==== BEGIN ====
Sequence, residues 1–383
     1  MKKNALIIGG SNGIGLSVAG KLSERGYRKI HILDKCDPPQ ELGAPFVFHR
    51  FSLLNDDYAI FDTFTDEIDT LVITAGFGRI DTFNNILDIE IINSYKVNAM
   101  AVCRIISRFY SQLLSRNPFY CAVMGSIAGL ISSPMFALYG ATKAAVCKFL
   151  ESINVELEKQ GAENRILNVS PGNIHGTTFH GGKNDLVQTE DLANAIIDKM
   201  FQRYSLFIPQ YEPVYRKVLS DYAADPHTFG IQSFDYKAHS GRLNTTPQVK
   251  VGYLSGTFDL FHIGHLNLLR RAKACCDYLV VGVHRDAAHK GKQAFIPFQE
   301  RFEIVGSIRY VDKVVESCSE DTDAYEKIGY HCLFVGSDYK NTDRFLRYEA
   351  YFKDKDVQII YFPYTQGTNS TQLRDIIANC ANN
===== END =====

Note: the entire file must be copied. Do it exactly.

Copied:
Sequence, residues 1–383
     1  MKKNALIIGG SNGIGLSVAG KLSERGYRKI HILDKCDPPQ ELGAPFVFHR
    51  FSLLNDDYAI FDTFTDEIDT LVITAGFGRI DTFNNILDIE IINSYKVNAM
   101  AVCRIISRFY SQLLSRNPFY CAVMGSIAGL ISSPMFALYG ATKAAVCKFL
   151  ESINVELEKQ GAENRILNVS PGNIHGTTFH GGKNDLVQTE DLANAIIDKM
   201  FQRYSLFIPQ YEPVYRKVLS DYAADPHTFG IQSFDYKAHS GRLNTTPQVK
   251  VGYLSGTFDL FHIGHLNLLR RAKACCDYLV VGVHRDAAHK GKQAFIPFQE
   301  RFEIVGSIRY VDKVVESCSE DTDAYEKIGY HCLFVGSDYK NTDRFLRYEA
   351  YFKDKDVQII YFPYTQGTNS TQLRDIIANC ANN